The cold has arrived here in Colorado. And if you are like the rest of us, you were scrambling yesterday to make sure your horse (and barn) were ready for the weather change.
Here are just a few tips to try to make the temperature (and weather) transition easier on all of us:
- Feed extra hay: the digestive process helps keep your horse warm, so extra hay will keep them warmer. Another benefit is the more constant food supply will help avoid colic.
- Heated waterers: use some form of water heater to avoid frozen water sources. This will keep your horse hydrated during cold snaps as well as make less work for you. No one likes breaking up ice! Plus, who likes drinking ice cold drinks during a snowstorm anyways?
- Blankets: if your horse has not grown a substantial winter coat yet, you might want to consider a blanket for added warmth and protection from the cold, snow, and dampness.
- Salt/Minerals: be sure to provide your horse with quality salt/minerals all year, but especially during the cold. Inadequate salt in the diet can result in abnormal eating behavior such as licking or chewing objects which have salt on them or licking/eating dirt. Water intake may also decrease without proper salt/mineral intake, increasing the risk of impaction colic.
- Shelter: good shelter is important all year in Colorado, but during the cold and winter it is even more important. Horses need a way to get out of the wind and inclement weather in an effort to stay warm (and for their forage to not blow away). This can come in the form of a shelter in a pasture, a stall in a barn, or other methods depending on your property’s setup.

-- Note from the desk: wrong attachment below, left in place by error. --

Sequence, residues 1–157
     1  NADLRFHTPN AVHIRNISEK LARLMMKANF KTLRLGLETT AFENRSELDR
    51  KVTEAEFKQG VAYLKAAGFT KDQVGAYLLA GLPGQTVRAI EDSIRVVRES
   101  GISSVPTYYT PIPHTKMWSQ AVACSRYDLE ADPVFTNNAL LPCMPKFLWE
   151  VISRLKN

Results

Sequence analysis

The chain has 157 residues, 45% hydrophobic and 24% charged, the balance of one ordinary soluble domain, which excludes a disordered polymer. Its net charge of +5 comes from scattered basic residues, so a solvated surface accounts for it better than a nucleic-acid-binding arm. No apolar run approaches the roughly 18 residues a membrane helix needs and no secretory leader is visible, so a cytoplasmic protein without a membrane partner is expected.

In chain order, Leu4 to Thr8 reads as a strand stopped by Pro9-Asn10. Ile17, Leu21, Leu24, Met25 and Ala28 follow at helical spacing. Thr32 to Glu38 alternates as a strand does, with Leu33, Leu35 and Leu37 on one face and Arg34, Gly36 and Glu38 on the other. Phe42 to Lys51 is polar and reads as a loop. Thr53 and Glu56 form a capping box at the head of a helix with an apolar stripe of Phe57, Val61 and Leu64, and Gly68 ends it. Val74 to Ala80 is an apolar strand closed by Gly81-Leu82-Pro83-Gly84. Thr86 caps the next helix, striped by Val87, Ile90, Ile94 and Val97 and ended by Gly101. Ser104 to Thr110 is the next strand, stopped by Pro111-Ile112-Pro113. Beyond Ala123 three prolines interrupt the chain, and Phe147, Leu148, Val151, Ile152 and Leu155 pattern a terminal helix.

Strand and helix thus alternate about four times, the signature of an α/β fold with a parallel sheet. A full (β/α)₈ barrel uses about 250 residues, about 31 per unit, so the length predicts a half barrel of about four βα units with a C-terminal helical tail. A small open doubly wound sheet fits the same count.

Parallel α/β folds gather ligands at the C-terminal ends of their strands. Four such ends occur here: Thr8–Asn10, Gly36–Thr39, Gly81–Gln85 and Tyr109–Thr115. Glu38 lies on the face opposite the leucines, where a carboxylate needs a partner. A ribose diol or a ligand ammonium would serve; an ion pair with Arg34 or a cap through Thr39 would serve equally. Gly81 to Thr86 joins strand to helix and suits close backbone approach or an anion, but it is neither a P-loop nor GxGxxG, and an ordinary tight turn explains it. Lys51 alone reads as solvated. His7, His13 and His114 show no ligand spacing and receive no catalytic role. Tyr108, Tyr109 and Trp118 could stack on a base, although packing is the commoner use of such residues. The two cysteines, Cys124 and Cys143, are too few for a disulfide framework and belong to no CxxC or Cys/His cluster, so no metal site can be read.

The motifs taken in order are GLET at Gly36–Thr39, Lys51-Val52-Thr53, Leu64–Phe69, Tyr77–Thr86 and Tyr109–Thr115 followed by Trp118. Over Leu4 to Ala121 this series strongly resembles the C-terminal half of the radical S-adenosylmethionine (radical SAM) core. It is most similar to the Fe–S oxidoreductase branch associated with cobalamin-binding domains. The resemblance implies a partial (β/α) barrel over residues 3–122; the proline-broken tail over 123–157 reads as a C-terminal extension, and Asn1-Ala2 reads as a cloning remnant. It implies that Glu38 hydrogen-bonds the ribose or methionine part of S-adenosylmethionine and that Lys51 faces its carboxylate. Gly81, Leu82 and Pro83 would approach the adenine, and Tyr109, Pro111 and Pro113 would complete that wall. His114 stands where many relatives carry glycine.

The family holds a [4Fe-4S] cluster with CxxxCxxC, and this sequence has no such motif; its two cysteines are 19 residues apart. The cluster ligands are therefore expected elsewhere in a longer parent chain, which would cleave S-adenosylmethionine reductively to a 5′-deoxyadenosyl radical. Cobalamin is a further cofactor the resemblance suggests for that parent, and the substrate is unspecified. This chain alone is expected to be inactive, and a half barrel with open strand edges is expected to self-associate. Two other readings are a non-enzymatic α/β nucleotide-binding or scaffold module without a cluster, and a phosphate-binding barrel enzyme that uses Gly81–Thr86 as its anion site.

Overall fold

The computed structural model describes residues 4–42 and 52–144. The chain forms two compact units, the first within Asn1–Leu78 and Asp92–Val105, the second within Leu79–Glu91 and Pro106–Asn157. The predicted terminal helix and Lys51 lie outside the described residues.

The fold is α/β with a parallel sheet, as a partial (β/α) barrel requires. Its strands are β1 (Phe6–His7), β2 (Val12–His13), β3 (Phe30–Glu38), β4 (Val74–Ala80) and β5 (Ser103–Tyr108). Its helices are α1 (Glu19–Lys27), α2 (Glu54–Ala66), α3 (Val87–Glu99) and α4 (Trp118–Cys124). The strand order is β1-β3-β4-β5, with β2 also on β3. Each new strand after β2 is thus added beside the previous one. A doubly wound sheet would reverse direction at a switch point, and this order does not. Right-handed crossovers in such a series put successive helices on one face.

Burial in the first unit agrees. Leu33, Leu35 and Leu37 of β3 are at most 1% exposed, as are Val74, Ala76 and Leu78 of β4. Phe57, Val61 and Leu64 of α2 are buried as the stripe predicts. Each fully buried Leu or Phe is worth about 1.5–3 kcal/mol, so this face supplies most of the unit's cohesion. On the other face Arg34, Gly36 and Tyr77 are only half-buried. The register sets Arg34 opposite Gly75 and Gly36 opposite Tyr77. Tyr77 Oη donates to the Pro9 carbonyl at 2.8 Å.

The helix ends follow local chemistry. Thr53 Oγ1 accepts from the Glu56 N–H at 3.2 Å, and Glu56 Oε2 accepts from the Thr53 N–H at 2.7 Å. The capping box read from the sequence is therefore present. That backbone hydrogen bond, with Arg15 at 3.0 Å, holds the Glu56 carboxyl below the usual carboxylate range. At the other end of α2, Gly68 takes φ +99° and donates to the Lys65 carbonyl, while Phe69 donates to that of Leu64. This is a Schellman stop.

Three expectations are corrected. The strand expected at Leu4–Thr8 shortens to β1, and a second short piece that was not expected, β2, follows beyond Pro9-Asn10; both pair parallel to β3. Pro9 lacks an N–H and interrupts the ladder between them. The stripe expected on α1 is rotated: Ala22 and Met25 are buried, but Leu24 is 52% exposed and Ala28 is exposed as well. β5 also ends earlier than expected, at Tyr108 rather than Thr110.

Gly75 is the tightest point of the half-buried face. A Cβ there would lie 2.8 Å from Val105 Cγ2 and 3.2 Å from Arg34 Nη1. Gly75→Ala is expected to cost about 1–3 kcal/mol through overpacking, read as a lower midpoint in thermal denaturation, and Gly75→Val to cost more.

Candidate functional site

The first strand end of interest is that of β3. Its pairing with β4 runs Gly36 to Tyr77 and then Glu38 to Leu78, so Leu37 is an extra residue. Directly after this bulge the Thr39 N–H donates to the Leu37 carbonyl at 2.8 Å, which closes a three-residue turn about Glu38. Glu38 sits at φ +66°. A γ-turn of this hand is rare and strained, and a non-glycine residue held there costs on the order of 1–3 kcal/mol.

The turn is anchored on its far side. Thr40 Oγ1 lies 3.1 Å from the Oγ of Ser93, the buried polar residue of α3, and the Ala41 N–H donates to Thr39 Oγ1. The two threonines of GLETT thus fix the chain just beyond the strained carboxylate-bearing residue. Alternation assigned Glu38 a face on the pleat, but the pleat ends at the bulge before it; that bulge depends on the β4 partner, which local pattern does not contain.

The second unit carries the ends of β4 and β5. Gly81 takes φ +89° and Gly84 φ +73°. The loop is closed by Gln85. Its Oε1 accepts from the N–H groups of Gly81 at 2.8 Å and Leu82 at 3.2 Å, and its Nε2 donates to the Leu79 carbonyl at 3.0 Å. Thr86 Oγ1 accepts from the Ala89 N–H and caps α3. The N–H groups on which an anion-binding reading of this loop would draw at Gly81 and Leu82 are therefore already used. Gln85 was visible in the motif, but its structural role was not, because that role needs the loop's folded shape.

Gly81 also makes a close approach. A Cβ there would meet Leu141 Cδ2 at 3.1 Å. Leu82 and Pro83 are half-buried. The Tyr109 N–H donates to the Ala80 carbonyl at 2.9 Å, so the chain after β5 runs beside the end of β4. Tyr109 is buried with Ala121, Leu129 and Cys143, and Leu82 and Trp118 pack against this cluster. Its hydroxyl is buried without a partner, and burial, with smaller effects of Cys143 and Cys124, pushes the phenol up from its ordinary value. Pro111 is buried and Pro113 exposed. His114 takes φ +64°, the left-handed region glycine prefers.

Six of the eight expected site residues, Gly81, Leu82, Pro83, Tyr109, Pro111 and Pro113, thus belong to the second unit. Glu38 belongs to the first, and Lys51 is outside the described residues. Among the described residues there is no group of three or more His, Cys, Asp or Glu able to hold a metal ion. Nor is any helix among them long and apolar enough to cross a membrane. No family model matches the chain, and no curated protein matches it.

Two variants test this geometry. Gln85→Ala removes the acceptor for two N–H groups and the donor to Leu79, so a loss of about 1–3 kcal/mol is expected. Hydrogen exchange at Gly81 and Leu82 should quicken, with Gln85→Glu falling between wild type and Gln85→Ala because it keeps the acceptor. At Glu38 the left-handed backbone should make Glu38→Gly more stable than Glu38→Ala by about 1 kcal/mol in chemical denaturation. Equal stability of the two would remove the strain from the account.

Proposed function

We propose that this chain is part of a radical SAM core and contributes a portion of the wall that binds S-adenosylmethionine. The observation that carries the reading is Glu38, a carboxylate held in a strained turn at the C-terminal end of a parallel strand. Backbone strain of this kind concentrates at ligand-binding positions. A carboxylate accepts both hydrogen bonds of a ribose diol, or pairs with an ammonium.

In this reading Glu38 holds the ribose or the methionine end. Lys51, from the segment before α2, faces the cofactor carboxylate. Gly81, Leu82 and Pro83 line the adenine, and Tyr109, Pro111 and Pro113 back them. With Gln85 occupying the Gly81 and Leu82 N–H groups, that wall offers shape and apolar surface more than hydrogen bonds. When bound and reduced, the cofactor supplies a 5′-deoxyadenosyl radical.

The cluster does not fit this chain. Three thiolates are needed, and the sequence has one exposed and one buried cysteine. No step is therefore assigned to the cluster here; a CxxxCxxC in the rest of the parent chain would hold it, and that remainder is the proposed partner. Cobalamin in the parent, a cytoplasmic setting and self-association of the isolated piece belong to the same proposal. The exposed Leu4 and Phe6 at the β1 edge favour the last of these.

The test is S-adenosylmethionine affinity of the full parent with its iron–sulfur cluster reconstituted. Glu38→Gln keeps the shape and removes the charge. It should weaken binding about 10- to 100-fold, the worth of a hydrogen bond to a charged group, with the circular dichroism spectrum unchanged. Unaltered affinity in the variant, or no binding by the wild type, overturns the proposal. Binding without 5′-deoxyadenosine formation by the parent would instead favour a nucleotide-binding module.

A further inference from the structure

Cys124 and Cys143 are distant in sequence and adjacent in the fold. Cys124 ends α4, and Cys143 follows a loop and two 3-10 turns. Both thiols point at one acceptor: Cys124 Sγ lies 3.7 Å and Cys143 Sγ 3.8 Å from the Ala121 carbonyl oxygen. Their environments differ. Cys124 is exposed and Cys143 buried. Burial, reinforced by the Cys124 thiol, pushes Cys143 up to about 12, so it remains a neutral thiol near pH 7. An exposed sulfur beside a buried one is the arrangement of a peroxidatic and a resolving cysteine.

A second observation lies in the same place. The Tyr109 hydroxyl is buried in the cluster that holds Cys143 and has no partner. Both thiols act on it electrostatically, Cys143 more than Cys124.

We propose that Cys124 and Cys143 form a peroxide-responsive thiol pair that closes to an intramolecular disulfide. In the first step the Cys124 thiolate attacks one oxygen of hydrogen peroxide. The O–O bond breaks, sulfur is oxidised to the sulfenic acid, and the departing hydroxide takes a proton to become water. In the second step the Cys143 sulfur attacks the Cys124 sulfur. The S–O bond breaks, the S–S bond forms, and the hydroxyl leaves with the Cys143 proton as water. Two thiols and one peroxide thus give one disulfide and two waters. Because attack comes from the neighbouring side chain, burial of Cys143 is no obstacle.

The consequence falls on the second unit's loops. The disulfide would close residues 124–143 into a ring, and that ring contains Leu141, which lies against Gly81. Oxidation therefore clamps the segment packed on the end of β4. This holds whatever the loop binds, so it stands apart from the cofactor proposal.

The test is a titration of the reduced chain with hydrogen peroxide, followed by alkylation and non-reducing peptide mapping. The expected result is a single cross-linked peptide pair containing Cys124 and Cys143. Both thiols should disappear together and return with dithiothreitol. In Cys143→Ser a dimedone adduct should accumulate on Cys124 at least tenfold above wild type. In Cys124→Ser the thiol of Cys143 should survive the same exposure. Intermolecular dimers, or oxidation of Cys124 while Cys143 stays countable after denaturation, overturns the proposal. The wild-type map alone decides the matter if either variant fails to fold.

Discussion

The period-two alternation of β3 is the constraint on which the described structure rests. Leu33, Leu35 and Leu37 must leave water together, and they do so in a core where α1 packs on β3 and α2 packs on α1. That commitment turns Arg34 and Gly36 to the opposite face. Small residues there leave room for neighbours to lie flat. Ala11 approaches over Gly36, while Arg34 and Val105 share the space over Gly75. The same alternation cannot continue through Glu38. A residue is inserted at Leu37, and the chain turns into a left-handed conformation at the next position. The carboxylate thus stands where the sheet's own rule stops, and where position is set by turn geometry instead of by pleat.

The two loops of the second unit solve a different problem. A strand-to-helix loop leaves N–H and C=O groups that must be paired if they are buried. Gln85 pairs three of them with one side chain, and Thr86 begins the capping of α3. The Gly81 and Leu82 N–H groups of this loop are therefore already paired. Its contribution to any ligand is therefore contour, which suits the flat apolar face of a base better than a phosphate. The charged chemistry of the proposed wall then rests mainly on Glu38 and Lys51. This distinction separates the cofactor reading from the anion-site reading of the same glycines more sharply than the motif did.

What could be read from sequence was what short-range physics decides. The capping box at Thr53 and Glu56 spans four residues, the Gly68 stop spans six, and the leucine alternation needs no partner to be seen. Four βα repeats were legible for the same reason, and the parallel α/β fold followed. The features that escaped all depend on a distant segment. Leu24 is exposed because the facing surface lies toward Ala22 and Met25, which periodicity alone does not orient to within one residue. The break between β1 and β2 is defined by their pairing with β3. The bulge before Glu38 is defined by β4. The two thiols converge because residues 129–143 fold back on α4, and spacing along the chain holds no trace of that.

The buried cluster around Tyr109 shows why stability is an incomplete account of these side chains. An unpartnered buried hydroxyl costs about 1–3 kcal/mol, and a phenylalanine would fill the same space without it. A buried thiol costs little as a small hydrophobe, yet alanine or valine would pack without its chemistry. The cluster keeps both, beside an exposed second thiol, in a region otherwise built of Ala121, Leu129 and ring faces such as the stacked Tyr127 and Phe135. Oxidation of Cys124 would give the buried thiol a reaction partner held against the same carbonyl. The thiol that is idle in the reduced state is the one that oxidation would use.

- Bedding: you may want to add extra bedding for your horse’s comfort. It will give them a soft/warm place to lay down. It will also help soak up any urine before it can turn to ice and become dangerous.
- Footing Needs: Pay attention to the footing in your horse’s area. Most horses can cope with deep snow, but ice can be dangerous. Where needed, apply snowmelt to help icy conditions. If your horse is shod, you might also need pads to help prevent snow and ice balling up in the foot and causing a slippery situation for your horse.
And remember, our first hard freeze kills off many of our annoying (and disease-carrying pests), so it is not all bad!